Director Gilles Mackinnon / 1995 / UK

Glasgow, 1968: time for the McLean Brothers to decide where their loyalties ambitions lie. The eldest, Bobby, misses his dead dad, suffers nightmares and hangs out a local gang. Alan prefers to devote his time painting and Joanna, an uncommonly self assured lass known to have attracted the jealous attentions of various neighbourhood hardnuts. Lex, a spirited, feisty 13-year-old with artistic leanings of his own, is not only torn between lifestyles of his brothers, but is facing pressure from the hoodlum tribes who engage in violent battle in and around the estates.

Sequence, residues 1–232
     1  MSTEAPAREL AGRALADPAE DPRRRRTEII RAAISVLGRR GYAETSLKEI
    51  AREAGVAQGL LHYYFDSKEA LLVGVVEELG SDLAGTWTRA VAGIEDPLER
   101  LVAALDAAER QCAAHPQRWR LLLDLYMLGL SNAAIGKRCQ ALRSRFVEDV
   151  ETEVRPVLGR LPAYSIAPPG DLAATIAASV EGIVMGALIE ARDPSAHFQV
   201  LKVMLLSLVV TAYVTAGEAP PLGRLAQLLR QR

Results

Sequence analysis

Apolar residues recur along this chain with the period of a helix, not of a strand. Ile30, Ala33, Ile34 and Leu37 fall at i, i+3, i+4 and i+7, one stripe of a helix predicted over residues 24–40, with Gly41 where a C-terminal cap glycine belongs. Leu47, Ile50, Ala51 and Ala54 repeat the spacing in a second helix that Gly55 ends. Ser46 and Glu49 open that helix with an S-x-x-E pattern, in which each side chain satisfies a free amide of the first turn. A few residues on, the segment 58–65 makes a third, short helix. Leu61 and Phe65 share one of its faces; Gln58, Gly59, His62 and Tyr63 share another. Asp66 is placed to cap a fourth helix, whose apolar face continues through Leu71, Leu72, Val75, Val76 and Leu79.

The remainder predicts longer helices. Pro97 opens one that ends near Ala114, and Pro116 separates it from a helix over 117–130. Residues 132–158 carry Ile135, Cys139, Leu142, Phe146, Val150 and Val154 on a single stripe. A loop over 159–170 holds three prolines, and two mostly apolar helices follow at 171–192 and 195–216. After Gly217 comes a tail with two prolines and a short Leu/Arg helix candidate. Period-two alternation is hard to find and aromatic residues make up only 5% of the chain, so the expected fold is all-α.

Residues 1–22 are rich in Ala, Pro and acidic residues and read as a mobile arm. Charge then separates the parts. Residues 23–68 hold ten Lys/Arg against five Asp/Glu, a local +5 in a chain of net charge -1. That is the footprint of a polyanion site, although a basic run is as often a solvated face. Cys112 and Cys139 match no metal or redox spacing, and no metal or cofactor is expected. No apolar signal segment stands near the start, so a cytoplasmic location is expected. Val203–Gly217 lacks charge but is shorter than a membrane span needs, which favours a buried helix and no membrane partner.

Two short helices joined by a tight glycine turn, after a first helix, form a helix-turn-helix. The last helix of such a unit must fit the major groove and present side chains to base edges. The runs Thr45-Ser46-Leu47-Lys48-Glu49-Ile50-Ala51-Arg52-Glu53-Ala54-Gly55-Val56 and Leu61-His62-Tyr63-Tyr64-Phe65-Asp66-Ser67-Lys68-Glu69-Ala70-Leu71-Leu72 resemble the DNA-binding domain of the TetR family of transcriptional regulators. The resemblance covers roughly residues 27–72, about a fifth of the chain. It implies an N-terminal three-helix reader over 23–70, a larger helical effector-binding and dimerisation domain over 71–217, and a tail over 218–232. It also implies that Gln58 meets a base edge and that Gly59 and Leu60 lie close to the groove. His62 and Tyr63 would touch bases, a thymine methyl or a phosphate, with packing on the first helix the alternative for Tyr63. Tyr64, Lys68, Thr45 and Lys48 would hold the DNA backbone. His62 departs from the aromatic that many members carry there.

It's hard to pin down exactly why Gillies MacKinnon's quasi-biographical rites-of-pass; movie, co-written with his producer brother Billy is so satisfying. There's an unflashy visual elegance at work and MacKinnon proves expert director of actors-here a mainly you relatively unknown cast whose naturalism do full justice to a script that is witty and perceptive about the confusions of adolescence. But what perhaps best distinguishes the film is unsentimental honesty. Everything from the bloody rumbles between rival gangs to the mysteries of courtship and Lex's first alcoholic binge seems somehow right-no small wonder given that the MacKinnon Brothers grew up these same notorious Glaswegian mean streets. This overall integrity, permeating every careful thought out detail, ensures that Small Faces, as exploration of the fine line that separates innocence from experience, is not only fun and engrossing but very moving.

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